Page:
A South Carolina scientist works to solve a major health problem see more
Pediatric patients suffering from heart issues are treated with the existing adult surgical solutions, requiring repeated surgeries as the child grows. To understand the problems with current technologies, bioengineer Naren Vyavahare consults with clinicians and applies this knowledge to innovative, adjusted strategies. He develops new solutions in the lab and works with other experts and private sector companies to bring them to the marketplace. The inspiring impact of his commitment: a groundbreaking discovery that reduces surgical risk, patient and family trauma, and financial costs for pediatric patients that will last centuries.
In this episode, Naren Vyavahare joins our hosts Joseph Nother and Laura Corder to talk about the roles passion, teamwork, and plenty of research play in developing life-changing solutions for congenital heart disease. Listen as Naren Vyavahare talks about understanding “the why,” consulting with clinicians, and building a team of experts in business, cardiology, and research to discover the solution. Listen to the full podcast now.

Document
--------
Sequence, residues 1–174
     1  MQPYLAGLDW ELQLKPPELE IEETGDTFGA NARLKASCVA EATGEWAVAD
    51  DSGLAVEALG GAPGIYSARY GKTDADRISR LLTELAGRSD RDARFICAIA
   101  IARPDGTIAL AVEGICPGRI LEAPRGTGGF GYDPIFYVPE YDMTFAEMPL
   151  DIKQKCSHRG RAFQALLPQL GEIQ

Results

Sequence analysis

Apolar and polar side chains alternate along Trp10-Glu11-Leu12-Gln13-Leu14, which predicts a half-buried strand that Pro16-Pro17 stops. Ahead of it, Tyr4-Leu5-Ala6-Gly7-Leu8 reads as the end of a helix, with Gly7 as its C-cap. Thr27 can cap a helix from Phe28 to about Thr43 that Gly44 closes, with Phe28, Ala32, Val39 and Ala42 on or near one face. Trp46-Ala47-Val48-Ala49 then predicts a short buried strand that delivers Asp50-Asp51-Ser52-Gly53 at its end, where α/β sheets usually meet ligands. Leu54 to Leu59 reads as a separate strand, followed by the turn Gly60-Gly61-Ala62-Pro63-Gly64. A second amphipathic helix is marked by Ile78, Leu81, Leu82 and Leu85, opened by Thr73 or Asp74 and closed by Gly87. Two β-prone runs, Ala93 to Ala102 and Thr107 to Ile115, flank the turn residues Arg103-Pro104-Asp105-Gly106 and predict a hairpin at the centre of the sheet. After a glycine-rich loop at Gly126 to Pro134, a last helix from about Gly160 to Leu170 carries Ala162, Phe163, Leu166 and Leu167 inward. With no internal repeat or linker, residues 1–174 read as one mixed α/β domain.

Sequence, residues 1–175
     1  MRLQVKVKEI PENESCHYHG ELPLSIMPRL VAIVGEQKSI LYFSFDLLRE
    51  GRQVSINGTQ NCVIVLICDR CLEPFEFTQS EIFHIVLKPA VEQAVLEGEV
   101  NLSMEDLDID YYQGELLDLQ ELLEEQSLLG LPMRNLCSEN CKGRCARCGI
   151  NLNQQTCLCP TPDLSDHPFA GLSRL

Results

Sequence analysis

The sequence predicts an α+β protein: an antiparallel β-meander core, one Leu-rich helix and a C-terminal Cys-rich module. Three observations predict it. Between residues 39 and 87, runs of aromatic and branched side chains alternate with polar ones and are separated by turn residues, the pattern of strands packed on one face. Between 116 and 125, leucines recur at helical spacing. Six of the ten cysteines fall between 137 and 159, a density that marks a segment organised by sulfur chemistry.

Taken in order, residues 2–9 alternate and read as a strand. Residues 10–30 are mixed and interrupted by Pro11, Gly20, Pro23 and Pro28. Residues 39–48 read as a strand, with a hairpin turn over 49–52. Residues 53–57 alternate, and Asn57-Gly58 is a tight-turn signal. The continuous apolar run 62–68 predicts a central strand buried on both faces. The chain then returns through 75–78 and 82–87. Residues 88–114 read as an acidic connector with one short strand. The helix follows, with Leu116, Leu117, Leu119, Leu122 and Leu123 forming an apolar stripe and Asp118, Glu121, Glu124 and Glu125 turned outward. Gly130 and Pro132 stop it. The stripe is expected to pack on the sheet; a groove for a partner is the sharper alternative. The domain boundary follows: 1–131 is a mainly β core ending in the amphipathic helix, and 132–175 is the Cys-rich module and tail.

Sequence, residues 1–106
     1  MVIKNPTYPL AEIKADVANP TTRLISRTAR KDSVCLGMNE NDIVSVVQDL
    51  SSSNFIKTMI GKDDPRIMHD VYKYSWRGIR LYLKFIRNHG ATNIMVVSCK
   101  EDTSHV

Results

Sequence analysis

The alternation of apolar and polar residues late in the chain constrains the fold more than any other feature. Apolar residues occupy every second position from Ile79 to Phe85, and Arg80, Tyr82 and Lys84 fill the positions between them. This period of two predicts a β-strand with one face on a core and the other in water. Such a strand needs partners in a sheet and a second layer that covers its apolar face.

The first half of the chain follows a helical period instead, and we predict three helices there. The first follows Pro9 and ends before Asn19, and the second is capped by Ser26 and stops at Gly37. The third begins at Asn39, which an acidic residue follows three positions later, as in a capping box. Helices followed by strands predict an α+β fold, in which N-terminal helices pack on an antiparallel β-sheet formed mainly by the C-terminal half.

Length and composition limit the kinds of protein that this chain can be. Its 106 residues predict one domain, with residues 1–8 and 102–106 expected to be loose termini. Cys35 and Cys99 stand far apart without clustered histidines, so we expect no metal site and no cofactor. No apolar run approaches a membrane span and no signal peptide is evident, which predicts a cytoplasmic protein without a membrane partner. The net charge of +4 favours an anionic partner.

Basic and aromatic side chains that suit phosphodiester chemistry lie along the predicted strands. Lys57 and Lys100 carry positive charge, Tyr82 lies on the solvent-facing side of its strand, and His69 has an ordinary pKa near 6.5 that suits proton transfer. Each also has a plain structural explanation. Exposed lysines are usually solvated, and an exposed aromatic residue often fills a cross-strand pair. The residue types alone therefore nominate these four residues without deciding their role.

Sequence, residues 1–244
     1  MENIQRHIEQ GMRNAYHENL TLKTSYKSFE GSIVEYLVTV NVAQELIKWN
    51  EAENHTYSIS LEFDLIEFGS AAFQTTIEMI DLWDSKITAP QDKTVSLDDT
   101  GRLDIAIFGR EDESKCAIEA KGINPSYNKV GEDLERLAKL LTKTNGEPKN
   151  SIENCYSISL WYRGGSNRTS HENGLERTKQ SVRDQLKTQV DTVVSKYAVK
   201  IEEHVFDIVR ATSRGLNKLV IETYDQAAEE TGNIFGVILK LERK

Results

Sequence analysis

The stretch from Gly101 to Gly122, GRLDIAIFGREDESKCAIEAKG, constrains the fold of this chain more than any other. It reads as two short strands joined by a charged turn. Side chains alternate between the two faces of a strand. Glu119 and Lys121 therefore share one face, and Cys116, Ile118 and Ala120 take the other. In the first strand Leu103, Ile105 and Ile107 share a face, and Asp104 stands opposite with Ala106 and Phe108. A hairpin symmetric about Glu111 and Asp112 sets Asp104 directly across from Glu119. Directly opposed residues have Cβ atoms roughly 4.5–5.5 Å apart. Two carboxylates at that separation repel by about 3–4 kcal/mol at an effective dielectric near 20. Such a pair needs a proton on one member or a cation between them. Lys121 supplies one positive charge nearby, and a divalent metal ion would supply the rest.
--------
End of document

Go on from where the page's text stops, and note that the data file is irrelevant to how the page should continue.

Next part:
Multimillion-dollar grant to support heart health research at Clemson University see more
Clemson University bioengineers picked Valentine’s Day to announce $4.1 million in grants to support new heart health research.
Will Richardson and Naren Vyavahare are conducting research with the potential to affect millions of patients who suffer from many forms of cardiovascular disease and related illness, including heart failure, hypertension, chronic kidney disease and Type 2 diabetes, according to a university news release.
Richardson, an assistant professor of bioengineering, is creating computer models aimed at providing better treatment for cardiac fibrosis, a condition that contributes to heart failure. As many as 60% of patients die within five years of developing heart failure, which afflicts 6.5 million Americans, Richardson said in the news release.
No drugs have been approved to treat cardiac fibrosis specifically, and doctors are often left with trial-and-error experimentation when treating patients who have it, he said in the release.